Every year, around peak winter, there is a story in the media regarding freezing related damage to houses in Calgary. Last year, with the heavy snow pack, it was ice damning on shingles leading to leaks. This year, due to the hideous month of continuous unseasonable cold (coldest February in recent history with average temperate almost -18C), it is so called ‘attic rain’. https://www.cbc.ca/news/canada/calgary/calgary-attic-rain-frost-cold-weather-1.5036581
I didn’t particularly like this article. First of all, attic rain is a bad name, because it isn’t a form of precipitation or weather, it is the sudden thaw of frost that was trapped in the attic that damages the finished interior space below. Many serious issues can be caused by this moisture that we don’t need to discuss here. Another conclusion drawn by the article is something I don’t agree with, that is, the only way to fix it is to somehow ‘reseal’ the vapour barrier in the ceiling so that humidity from the house can’t escape into the attic. I believe that no matter how well the house is built, some humidity will make its way into the attic. The natural forces are very strong that draw moist 30 Celsius shower water/air mixture from a bathroom upward into a - 30 Celsius attic cavity. That is a 60 Celsius gradient of temperature across a thin layer of poly. If we are going to use this conventional technique of building, and we will for the foreseeable future continue to, instead of far superior and more costly techniques and materials, we just need to mitigate this issue so it doesn’t become harmful. Each type of building process has some negative aspect to it, and the wood framing style of building common in Calgary has many advantages vs other forms of building.
If the conclusion drawn by the article was true (sealing of vapour barrier is needed), then my own methods of fixing this issue without tackling the ceiling vapour barrier would not have worked. I built a recent property and noted that the ceiling poly was done carefully, or at least as well as could be done outside of a laboratory, without tears, penetrations that were not sealed, or lack of backing on the joints. I examined it carefully as leakage into the attic of humidity is a known issue and I don’t want to repeat the mistakes of others. I also installed very expensive and effective roof vents, the max brand variety, that cost over $100 each, and each unit received 2, more then enough vent capacity. Despite these efforts, some frosting in the attic was observed during the severe cold (none was observed at routine cold temperature). The issue was caused (to me, conclusively), by lack of enough air intake into the ventilated roof. The lack of pathways to vent the roof properly is largely due to city rules about fire spread among buildings, so that in some areas where the roof needs to have perforated soffit to aid in venting, it isn’t allowed. One simple solution is to add more ventilated soffit the year after a house is finished if attic frosting is becoming an issue. If that actually works, then I guess you can blame the building code rules for creating the problem in the first place. Your house may not burn down when your neighbour has a fire, but if it is full of mold, that is a serious problem and hard to fix. I’d accept a little more risk of a fire that may never happen, then endure the certainty of a roof full of mold and moisture damage.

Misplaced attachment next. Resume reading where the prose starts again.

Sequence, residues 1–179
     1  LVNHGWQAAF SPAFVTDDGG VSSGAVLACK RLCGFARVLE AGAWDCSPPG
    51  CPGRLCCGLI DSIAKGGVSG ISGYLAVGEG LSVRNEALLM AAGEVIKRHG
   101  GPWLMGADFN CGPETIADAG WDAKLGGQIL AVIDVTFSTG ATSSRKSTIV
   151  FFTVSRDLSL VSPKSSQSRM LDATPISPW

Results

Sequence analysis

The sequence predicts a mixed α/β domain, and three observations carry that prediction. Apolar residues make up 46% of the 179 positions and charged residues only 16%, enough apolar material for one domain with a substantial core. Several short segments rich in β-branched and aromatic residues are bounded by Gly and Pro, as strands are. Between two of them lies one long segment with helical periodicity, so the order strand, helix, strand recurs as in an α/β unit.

An even more effective option, if adding ventilated soffit is not working, is to cut in a louvred shutter on the wall, near the roof, and positioned over the top of the loose fill insulation in the attic. This, in my experience, is what allows enough air to enter the attic to vent it. Most often, the issue is not venting, or allowing the humidity to escape, it is a shortage of input of dry, cold, fresh air. Once the volume of incoming air is increased, the issue of frosting resolves itself. Of course, adding these louvered vents isn’t easy in a finished building, particularly a stucco building. Vents can be the cheap plastic variety sold everywhere, or custom sized and colour matched metal models. I have used both and both are effective.
Here is a photo taken from an attic on a recent build of mine taken February 7 2019. I thought at the time ventilation was more than adequate, however the roof had some low slope areas with low head height inside, and I was concerned those areas may not be frost free. Sure enough after a couple weeks of super cold weather, I toured the attic and saw more frost than I deemed acceptable, and it was spread fairly consistently over a broad area. Note that some minor frost is likely ok, as it warms, the frost will likely sublimate and disappear out the vents (provided they are not covered by snow and blocked, another common issue).